Ambitious plan

The new agreement for HFC reduction for a group of countries – which includes India, Pakistan, Iran and Iraq – is more ambitious that the previous Indian proposal for developing countries but less intensive that the North American proposal.

India had earlier proposed a plan for developing countries to freeze HFC consumption by 2031, which means HFC use and production would be highest in that year, and decrease every year after 2031. A counterproposal by North America had suggested developing countries freeze HFC production and consumption in 2021.

An earlier freeze and baseline under the agreed amendment means that India will mitigate more CO2 equivalent that its original proposal.

Under the new agreement, India will freeze HFC consumption and use by 2028, while phasing down HFCs, by 2047, to 15% of the average consumption and use over 2024-2026.

It would approximately cost India $16.48 billion (Rs 1.1 lakh crore), Chaturvedi of the Council on Energy, Environment and Water said.

Another group of developing countries, including China, has agreed to freeze HFC consumption and use even earlier, by 2024. By 2045, these countries will reduce HFCs by 80% of the average consumption between 2020 and 2022.

Developed countries, such as the Unites States and western European countries, have agreed to freeze HFC consumption and use in 2019, and by 2036, phase down HFCs to 15% of the average use and consumption between 2011 and 2013.

“The flexibility and cooperation shown by India as well as other countries has created this fair, equitable and ambitious HFC agreement,” Prime Minister Narendra Modi tweeted on October 15.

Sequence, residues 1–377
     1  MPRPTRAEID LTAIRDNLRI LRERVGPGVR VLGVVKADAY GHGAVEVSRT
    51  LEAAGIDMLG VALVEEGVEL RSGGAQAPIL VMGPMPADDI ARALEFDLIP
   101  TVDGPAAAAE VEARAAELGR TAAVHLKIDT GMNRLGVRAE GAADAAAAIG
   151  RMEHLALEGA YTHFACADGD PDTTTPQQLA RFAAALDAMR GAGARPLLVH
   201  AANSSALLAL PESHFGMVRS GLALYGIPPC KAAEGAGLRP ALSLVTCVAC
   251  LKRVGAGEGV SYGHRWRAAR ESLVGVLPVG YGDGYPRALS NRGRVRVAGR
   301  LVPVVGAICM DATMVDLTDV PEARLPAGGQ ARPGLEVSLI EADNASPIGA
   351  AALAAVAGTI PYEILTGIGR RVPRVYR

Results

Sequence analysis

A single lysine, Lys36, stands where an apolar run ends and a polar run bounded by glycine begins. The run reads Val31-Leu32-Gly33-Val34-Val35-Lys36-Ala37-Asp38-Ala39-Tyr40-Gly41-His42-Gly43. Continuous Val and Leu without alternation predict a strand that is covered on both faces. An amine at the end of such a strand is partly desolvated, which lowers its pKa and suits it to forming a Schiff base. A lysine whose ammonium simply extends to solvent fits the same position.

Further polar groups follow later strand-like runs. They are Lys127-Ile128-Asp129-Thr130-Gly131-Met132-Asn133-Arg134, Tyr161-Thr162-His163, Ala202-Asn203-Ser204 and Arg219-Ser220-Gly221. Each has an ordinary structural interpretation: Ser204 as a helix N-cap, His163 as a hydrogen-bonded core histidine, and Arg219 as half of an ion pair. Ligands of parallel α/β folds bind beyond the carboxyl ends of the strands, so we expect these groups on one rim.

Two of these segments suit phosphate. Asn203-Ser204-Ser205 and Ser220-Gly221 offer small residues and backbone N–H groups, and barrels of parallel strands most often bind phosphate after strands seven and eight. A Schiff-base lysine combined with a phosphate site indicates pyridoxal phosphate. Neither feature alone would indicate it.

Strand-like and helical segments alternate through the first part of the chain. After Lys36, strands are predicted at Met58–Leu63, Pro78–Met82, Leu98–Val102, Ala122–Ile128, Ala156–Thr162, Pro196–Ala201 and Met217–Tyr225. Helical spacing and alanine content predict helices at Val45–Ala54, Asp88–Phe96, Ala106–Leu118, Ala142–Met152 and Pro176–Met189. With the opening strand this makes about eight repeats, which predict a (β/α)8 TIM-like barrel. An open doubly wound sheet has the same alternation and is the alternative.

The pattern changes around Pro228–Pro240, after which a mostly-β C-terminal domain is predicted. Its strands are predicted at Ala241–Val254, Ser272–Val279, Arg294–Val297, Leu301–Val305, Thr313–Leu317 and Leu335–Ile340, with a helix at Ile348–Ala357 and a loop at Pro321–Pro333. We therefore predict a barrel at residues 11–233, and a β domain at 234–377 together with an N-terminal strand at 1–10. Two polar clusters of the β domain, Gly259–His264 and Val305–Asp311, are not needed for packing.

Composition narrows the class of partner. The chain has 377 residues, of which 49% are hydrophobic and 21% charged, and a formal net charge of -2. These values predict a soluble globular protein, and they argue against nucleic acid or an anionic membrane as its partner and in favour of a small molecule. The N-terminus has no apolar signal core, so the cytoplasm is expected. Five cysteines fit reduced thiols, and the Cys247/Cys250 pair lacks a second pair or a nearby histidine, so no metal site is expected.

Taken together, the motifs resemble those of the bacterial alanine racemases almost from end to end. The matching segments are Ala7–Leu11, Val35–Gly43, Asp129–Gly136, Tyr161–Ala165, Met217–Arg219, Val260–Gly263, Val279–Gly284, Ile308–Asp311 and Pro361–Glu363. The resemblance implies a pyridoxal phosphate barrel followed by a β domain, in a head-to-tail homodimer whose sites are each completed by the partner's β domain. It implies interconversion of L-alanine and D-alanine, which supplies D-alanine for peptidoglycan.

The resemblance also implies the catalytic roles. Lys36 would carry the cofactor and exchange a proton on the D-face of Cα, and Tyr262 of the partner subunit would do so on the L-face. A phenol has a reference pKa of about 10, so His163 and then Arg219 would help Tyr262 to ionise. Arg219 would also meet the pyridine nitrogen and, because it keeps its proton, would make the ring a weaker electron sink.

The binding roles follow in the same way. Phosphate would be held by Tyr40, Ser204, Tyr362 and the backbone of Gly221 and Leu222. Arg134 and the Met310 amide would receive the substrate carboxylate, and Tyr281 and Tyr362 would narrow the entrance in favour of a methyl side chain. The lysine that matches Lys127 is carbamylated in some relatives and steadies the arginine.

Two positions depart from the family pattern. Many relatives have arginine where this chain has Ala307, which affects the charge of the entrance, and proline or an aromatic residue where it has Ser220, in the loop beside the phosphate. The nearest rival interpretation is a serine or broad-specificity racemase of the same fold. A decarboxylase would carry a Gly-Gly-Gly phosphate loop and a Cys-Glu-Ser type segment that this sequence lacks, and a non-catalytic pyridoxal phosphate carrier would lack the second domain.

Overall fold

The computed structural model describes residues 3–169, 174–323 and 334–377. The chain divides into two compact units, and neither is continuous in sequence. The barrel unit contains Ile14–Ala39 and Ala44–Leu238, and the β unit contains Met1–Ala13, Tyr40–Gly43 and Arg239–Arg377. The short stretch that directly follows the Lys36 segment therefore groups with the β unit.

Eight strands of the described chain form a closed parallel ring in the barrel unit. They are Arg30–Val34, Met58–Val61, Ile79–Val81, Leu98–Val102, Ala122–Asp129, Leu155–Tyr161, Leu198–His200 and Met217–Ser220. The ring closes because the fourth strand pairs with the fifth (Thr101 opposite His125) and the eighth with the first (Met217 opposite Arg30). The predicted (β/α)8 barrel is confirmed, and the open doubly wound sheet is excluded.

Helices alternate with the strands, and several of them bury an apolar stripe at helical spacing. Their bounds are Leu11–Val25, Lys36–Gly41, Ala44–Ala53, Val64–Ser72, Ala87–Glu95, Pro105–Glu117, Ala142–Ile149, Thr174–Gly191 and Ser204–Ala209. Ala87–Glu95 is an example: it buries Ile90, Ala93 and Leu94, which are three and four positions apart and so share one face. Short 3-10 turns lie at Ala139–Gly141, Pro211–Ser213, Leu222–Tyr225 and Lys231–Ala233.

India, and other developing countries, will be financially assisted by the Multilateral Fund of the Montreal Protocol, philanthropies, and other developed countries, as they switch from HFCs to other alternatives, with lower global warming potential, as IndiaSpend reported on October 14, 2016.

The Indian government also passed an order on October 13 for all producers to destroy HFC-23, a gas with a global warming potential 12,500 times that of CO2, according to the United Nations Environment Program. This will result in eliminating emissions of 100 million tonnes of CO2 equivalent in India, over the next 15 years, according to Chandra Bhushan, the director of Centre for Science and Environment, a research and advocacy organisation, reported Livemint.

This article first appeared on IndiaSpend, a data-driven and public-interest journalism non-profit.

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What hospitals can do to drive entrepreneurship and enhance patient experience

Hospitals can perform better by partnering with entrepreneurs and encouraging a culture of intrapreneurship focused on customer centricity.